Second Wave? China Orders ‘Partial Lockdown’ Of Border City; Seoul’s Newest Cluster Explodes To 120 Cases: Live Updates
As we reported last night, news that LA County suspects its reopening will take up to 3 months – a month longer than previously expected – sent markets lower into the close. That news, combined with Dr. Fauci’s warning about states rushing to reopen, cemented the impression that the reopening of the American economy would probably be much more fraught with delays. And for a brief moment, it seemed like fun-durr-mentals almost mattered again…
Anyway, European markets wobbled Wednesday following reports that the latest cluster of cases in Seoul had climbed to 119, the latest increase of dozens of cases as contact-tracers scramble to test as many people as possible. More than 14k people have been tested so far. To be sure, investigators have made some discoveries that undermined the theory that all of these cases are connected to one “super-spreader”. Rather, it’s believed that most of these cases were likely individuals who were asymptomatically infected elsewhere. The cases have been linked to multiple cases.
While South Korea remains on high alert, the situation in northeastern China grew even more dire. As we have reported this week, local party officials in Jilin City had reimposed restrictions after an outbreak. Now, they’re taking things a step further and ordering a ‘partial lockdown’ of the village. Residents will only be allowed to leave after they’ve completed a period of ‘self-isolation’ and tested negative for the virus. Residential compounds have been closed to visitors, and public transit has been halted.
It’s just the latest sign that both China and South Korea might be seeing the first stirrings of the ‘second wave’ that Dr. Fauci and other scientists have warned about.
After rocketing into the No. 2 spot directly behind the US, Russia’s rate of new coronavirus cases eased on Wednesday, even if only slightly, as the country recorded an 11th consecutive day with more than 10,000 fresh infections. Russia recorded 10,028 new cases on Wednesday, according to official government data, the smallest rise in almost a fortnight. Its total number of cases is now at 242,271, with 2,212 deaths.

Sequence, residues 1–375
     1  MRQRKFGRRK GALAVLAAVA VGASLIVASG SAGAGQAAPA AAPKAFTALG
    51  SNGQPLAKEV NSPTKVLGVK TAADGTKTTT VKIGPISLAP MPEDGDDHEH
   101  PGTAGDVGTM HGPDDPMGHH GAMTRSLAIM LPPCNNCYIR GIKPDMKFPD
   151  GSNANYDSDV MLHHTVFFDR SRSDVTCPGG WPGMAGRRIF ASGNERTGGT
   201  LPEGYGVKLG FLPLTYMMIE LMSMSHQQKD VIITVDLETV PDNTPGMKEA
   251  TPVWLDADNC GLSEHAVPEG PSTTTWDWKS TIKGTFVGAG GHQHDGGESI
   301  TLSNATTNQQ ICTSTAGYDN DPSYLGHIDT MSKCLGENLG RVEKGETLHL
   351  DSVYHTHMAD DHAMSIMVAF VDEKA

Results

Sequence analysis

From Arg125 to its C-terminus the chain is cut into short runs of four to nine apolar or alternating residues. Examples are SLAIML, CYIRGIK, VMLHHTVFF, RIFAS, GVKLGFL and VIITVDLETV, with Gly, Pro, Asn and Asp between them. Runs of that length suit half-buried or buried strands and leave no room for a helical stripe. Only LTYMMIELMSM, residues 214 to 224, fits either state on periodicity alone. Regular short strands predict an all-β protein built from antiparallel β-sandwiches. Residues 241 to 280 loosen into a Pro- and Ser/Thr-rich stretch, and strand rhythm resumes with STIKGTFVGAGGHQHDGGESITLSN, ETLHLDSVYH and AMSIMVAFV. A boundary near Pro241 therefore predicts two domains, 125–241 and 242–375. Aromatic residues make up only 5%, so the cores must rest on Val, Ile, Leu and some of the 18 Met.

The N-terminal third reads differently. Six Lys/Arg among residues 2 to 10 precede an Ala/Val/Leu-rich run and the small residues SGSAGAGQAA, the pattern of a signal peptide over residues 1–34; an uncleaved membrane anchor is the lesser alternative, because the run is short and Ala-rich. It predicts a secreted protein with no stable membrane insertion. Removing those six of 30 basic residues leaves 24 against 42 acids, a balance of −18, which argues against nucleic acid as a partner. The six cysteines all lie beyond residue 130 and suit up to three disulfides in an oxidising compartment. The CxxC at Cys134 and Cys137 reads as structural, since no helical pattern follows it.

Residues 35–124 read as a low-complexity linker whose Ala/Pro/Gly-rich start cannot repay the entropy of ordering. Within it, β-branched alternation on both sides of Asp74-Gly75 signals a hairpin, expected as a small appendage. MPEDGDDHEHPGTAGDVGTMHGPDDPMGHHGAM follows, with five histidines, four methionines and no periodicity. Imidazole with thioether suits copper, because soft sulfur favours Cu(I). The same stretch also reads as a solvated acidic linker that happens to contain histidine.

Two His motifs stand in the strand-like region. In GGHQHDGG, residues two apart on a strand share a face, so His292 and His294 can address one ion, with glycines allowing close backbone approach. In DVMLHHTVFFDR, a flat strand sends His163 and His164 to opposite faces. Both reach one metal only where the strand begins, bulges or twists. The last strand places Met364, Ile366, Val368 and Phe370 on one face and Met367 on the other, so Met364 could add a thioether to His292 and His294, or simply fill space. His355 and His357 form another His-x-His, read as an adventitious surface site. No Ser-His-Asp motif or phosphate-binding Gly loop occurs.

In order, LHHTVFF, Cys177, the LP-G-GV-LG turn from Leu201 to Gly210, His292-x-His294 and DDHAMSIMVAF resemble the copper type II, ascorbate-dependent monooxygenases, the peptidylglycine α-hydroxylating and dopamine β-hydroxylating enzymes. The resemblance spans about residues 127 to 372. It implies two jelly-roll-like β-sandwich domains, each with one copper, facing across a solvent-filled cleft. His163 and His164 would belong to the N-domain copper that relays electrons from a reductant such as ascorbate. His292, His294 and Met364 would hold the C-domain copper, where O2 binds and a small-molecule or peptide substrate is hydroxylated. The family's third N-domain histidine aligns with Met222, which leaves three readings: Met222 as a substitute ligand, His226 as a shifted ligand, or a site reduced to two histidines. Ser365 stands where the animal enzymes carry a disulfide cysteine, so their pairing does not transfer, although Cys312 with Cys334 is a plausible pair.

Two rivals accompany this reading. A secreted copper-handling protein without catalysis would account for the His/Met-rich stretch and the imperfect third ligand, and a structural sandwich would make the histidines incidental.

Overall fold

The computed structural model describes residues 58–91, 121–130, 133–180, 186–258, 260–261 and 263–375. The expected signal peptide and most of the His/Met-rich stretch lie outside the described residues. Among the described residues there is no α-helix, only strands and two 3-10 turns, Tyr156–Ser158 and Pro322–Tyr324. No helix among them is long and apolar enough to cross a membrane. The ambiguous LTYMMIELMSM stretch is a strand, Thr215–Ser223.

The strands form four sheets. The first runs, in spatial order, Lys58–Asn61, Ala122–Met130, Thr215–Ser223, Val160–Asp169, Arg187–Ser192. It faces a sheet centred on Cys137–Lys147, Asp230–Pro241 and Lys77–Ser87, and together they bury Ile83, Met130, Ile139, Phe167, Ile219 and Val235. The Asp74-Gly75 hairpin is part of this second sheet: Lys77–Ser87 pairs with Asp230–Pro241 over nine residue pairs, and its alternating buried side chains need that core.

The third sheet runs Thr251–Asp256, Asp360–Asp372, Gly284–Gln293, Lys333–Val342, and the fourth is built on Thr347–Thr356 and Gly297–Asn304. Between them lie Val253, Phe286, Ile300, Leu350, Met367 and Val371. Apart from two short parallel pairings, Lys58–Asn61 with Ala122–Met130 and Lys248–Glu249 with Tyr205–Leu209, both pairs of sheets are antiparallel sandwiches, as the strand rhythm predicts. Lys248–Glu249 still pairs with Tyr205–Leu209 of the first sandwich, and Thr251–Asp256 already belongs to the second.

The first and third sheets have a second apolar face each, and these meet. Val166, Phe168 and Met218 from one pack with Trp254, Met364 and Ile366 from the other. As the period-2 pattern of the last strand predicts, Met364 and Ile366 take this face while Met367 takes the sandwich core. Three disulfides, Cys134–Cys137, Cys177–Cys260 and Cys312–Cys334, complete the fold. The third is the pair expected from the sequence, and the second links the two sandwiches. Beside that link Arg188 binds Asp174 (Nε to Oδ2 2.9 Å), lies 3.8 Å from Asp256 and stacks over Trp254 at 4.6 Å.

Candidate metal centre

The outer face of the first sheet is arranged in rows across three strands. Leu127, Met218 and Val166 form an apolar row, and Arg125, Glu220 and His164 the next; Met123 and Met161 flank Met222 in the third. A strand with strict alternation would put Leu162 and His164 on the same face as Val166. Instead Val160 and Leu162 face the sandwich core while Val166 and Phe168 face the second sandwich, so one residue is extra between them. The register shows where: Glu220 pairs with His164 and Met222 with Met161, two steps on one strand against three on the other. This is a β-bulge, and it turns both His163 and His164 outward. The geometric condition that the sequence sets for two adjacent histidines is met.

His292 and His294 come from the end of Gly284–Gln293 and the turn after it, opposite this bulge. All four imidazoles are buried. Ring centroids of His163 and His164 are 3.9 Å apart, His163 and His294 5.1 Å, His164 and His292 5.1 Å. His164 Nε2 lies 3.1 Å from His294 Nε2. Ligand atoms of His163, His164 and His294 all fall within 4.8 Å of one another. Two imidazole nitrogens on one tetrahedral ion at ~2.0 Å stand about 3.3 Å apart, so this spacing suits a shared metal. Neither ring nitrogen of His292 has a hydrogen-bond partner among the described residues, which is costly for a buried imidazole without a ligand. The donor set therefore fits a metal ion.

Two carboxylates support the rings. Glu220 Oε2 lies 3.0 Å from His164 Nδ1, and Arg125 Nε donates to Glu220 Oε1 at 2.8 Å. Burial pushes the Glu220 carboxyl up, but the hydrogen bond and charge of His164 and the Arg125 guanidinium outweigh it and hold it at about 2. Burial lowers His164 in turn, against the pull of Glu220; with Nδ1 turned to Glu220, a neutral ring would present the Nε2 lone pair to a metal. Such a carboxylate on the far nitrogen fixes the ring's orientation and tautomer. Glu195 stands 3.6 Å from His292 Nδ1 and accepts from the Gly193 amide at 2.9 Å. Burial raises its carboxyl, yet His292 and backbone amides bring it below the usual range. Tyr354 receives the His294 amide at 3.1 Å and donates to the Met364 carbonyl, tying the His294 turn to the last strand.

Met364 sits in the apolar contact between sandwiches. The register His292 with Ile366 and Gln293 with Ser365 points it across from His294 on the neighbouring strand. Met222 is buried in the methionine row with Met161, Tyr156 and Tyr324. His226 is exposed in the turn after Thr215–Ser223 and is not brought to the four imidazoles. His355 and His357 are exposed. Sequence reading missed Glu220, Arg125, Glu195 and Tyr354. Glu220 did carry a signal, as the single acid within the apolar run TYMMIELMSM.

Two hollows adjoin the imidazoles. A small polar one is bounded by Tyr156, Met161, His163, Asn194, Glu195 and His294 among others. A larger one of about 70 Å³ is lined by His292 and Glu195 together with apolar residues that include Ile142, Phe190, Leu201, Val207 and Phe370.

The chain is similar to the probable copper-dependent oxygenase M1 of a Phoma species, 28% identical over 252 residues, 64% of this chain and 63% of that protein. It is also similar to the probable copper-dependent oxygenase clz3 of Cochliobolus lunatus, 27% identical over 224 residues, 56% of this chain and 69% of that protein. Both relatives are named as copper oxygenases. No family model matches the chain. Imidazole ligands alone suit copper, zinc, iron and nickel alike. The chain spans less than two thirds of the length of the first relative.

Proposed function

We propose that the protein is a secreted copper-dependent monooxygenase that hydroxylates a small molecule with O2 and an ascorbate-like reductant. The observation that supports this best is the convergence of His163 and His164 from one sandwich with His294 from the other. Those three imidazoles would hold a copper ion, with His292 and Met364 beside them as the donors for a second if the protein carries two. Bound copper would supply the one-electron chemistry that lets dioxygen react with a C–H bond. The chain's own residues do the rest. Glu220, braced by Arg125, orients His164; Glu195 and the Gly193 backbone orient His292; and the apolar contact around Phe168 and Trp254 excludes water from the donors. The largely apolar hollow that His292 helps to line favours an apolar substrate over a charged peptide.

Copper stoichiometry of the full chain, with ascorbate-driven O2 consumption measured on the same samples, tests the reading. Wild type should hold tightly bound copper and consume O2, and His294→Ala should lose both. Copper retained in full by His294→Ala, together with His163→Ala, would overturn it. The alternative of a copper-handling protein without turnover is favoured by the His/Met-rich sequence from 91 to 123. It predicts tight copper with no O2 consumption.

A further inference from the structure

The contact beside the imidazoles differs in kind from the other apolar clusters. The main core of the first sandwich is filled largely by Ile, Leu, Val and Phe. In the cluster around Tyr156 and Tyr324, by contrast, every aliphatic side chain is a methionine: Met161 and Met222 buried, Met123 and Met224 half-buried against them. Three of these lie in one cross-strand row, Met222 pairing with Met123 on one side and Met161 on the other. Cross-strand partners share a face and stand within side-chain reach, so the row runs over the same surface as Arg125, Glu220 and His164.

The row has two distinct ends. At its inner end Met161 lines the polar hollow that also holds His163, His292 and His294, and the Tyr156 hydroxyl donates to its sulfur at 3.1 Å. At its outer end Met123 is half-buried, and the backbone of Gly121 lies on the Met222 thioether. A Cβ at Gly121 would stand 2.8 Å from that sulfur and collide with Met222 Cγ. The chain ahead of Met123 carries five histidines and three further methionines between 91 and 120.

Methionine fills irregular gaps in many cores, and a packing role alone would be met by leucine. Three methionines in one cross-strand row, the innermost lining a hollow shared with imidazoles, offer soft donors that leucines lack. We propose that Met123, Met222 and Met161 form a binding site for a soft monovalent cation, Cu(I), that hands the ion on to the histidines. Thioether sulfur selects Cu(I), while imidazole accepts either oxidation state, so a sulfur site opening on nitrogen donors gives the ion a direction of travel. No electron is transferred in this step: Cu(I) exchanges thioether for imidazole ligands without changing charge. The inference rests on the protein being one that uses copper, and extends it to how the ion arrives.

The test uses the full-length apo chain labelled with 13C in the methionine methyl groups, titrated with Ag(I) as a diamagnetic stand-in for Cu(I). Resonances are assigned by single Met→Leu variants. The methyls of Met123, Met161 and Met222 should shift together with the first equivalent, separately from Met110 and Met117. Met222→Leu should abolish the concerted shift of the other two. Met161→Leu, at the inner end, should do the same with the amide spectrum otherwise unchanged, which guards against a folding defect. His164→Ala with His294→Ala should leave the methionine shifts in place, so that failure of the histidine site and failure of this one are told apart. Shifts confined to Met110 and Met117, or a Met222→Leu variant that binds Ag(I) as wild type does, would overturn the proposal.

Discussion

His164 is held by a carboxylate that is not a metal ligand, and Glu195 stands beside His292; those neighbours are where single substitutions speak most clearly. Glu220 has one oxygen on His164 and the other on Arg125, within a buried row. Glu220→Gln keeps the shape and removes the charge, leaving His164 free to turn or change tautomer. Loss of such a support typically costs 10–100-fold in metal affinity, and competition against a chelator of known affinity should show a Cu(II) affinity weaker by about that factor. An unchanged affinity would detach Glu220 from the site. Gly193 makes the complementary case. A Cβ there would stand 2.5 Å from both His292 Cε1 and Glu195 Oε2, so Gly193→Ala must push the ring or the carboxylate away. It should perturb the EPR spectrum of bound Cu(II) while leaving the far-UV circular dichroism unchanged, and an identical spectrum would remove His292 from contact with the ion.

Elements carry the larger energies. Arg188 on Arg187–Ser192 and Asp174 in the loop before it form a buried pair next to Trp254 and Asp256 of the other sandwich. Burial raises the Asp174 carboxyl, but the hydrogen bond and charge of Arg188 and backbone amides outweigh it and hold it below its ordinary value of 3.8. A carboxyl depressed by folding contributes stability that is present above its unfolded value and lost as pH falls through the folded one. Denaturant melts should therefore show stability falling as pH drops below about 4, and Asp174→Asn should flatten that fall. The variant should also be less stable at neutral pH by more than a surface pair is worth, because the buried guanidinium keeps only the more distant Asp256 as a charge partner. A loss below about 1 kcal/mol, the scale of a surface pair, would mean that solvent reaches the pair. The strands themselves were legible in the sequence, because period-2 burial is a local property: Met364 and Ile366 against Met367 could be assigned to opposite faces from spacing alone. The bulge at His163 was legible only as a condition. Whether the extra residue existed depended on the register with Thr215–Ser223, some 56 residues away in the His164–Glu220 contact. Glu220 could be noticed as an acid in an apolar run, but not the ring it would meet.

As of Wednesday morning, the virus had infected more than 4.2 million people globally and killed 287,349, according to the Reuters tally.
According to data released around the world on Tuesday, the number of new infections confirmed jumped day-over-day on Monday (though Mondays often see the largest daily tallies of the week since they directly follow the weekend).
The German government says it has extended controls on its borders with France, Switzerland and Austria until June 15, according to interior minister Horst Seehofer. Germany plans to open its border with Luxembourg on Saturday, and hopes to reopen its border with Denmark.
Austria said Wednesday it would fully reopen its border with Germany by mid-June and plans to open travel to most of its neighboring countries in the coming weeks, beginning on Friday, as it continues with its reopening push.
Elsewhere in Central Europe, Poland reported its highest daily coronavirus infection count on Wednesday (with the data representing the totals from Tuesday), with 595 people testing positive for the virus amid an accelerating outbreak in the southern region of Silesia.
Just days after Colombia’s Avianca, Latin America’s second-largest airline, filed for bankruptcy protection, Dubai’s Emirates has announced plans to reopen scheduled flights to nine destinations from May 21, the latest sign of “green shoots” in the air travel industry, even though traffic remains more than 90% below average.
As Democrats in Congress push a $3 trillion coronavirus relief bill targeted at states and American households, Reuters reports that one progressive lawmaker and Democratic Socialist icon is taking the cause of coronavirus relief a step further, and pushing for the IMF and World Bank to forgive the debts of the poorest countries. Both NGOs have already waived the next six months’ worth of payments for 25 of the world’s poorest countries.
Over 300 lawmakers from around the world on Wednesday urged the International Monetary Fund and World Bank to cancel the debt of the poorest countries in response to the coronavirus pandemic, and to boost funding to avert a global economic meltdown.
The initiative, led by former U.S. presidential candidate Senator Bernie Sanders and Representative Ilham Omar, a Democrat from Minnesota, comes amid growing concern that developing countries and emerging economies will be devastated by the pandemic.
We can already hear the Sanders-nistas cooing about how their brave hero, having been robbed of the nomination he so rightfully deserved, continues to fight for not only the ‘real American’ – the struggling Brooklyn-based ‘freelance writer’ – but also the besotted masses of the ‘developing world’ (a racist term, no doubt).
Wed, 05/13/2020 – 06:41